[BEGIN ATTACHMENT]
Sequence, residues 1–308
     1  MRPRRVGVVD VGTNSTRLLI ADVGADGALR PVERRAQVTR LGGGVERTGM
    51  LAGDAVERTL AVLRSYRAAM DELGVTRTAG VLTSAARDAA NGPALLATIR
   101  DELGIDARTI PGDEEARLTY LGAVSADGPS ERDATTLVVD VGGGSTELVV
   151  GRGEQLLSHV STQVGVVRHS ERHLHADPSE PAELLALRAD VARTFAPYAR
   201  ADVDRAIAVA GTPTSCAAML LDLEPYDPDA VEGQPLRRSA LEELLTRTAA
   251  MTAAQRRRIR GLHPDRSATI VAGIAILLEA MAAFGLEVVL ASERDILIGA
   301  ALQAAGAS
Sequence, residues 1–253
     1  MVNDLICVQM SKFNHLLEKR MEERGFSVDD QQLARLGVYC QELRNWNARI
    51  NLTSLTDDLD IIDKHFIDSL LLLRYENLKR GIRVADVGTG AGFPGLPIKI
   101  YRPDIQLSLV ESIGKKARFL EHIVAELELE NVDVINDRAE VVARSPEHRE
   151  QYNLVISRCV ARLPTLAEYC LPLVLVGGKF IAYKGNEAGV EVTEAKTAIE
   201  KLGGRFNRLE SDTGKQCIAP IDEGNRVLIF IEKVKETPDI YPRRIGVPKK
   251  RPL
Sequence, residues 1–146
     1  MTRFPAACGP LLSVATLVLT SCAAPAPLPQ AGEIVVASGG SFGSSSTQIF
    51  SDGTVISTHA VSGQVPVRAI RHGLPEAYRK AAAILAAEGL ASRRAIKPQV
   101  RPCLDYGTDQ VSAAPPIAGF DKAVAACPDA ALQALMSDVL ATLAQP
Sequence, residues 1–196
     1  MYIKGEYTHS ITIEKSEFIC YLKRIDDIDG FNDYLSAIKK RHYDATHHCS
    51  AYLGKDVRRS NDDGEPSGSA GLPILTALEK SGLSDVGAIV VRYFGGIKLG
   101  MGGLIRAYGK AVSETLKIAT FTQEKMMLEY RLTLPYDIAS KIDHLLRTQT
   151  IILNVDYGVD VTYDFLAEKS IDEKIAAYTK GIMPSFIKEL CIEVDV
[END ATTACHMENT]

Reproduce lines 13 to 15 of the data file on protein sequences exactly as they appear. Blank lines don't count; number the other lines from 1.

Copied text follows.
   151  QYNLVISRCV ARLPTLAEYC LPLVLVGGKF IAYKGNEAGV EVTEAKTAIE
   201  KLGGRFNRLE SDTGKQCIAP IDEGNRVLIF IEKVKETPDI YPRRIGVPKK
   251  RPL